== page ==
Elon Musk is trying to revolutionize large and small scale manufacturing and design through cutting edge hand gesture and 3D printing technologies.
I believe we’re on the verge of a major breakthrough in design and manufacturing… in being able to take the concept of something from your mind, and translate that into a 3D object really intuitively on the computer.
Musk and SpaceX are partnering with companies like Leap Motion for hand gesture technology that may one day even be used with Oculus Rift virtual reality systems to develop realistic 3D virtual models.
3D printing has gained popularity recently as the cost and time saving potential is being realized by individuals and companies alike.
Musk is joining the likes of NASA in utilizing 3D printing technology and reaping the benefits. NASA who has been printing rocket engines cheaper and faster than ever is among the technology’s biggest proponents.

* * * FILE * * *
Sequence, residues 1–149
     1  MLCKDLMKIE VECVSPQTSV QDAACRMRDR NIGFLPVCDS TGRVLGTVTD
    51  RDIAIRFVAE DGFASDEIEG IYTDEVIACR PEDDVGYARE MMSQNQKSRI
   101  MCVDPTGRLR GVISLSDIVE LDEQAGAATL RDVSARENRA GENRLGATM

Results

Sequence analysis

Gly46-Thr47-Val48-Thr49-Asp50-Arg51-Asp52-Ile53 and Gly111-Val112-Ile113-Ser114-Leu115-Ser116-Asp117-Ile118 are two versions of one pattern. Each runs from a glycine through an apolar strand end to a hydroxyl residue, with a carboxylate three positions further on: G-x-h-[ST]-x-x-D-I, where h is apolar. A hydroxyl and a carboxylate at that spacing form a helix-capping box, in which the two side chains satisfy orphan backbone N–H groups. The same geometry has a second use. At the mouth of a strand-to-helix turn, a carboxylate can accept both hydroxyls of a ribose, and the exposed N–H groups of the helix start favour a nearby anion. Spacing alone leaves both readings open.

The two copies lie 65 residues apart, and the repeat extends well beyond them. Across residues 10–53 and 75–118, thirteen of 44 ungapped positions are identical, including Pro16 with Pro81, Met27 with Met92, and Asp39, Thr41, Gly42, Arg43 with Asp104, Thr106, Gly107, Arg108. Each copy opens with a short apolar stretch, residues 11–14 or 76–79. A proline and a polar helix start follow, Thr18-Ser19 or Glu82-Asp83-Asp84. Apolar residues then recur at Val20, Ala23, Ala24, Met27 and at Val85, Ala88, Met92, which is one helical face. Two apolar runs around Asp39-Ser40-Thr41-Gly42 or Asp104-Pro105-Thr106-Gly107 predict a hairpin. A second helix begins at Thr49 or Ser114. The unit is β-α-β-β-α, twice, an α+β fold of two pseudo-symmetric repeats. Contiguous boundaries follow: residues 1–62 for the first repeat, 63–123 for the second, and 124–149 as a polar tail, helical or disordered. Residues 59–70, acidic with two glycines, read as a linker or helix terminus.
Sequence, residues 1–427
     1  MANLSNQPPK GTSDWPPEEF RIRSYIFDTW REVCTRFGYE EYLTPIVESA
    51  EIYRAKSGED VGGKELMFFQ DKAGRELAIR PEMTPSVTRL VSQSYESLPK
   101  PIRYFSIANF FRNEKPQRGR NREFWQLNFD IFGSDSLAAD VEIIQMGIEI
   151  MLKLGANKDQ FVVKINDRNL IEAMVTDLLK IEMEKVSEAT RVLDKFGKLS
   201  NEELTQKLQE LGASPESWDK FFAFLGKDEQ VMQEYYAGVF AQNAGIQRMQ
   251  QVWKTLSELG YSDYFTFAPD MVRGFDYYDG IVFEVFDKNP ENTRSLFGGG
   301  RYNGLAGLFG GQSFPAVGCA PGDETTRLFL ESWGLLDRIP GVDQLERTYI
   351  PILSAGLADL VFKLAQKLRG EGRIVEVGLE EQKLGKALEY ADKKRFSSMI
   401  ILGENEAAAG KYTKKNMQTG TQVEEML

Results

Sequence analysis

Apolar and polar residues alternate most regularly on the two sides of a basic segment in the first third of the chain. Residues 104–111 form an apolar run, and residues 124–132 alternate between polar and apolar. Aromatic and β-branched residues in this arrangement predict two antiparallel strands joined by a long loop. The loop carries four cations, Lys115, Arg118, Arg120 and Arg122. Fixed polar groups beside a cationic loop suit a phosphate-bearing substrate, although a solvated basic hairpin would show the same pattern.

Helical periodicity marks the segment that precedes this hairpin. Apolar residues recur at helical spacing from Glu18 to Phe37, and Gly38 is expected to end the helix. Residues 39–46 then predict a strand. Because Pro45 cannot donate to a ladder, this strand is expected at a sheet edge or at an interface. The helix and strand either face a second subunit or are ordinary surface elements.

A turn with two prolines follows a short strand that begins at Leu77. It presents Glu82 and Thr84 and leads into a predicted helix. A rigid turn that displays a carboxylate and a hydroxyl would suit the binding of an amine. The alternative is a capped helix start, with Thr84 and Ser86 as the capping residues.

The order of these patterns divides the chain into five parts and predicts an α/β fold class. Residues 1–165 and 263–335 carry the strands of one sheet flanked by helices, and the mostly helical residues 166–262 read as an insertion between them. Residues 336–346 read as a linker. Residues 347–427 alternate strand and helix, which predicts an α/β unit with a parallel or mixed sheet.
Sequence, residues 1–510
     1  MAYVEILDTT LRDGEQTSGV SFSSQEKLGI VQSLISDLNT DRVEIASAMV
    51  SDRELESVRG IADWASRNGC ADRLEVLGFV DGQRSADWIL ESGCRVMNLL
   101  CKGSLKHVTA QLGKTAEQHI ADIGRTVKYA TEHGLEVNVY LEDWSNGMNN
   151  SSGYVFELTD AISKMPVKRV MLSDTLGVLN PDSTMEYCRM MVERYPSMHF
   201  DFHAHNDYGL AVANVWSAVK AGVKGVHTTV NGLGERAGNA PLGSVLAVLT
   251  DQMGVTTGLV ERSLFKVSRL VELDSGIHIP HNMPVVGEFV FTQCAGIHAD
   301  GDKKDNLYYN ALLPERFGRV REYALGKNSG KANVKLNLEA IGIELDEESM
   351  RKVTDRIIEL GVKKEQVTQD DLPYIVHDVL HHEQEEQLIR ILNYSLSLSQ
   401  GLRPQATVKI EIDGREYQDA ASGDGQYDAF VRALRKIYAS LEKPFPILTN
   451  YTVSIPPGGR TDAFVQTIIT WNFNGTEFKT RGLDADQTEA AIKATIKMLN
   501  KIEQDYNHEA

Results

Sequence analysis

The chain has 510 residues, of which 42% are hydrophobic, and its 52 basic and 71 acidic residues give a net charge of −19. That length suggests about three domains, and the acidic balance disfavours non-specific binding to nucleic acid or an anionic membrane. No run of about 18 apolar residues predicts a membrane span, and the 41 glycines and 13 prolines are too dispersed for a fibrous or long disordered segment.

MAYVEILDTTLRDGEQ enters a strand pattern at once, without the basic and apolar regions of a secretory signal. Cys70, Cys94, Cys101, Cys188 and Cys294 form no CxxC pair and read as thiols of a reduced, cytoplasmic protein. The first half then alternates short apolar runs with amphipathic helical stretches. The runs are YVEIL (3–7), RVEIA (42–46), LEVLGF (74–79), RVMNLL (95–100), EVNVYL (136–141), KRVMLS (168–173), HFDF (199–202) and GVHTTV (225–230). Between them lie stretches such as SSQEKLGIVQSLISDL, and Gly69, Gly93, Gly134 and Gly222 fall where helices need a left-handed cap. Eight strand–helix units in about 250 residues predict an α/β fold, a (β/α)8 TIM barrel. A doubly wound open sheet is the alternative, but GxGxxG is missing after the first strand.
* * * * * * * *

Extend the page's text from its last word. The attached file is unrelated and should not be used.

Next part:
Let’s hope this trend continues to push the technology to new heights and the cost to new lows.
So those kids over at NASA have been pretty busy. This time taking 3D printing even further, NASA has announced they’ve successfully tested a rocket engine fuel injector made using the new technology.
By using a specific technique called selective laser melting (SLM), they were able to cut the manufacturing time down from one year to four months, and reduce the cost by over 70%.
“Nasa recognises that on Earth and potentially in space, additive manufacturing can be game-changing for new mission opportunities, significantly reducing production time and cost by ‘printing’ tools, engine parts or even entire spacecraft” – Michael Gazar
The term “additive manufacturing” refers to building a product from the ground up using the specific materials and quantities needed. On top of the benefits stated above, this technology also drastically reduces the amount of waste by-product.
Hit the link for more information on NASA’s successful test, as well as a competition from General Electric to create the best design for a 3D printed engine bracket.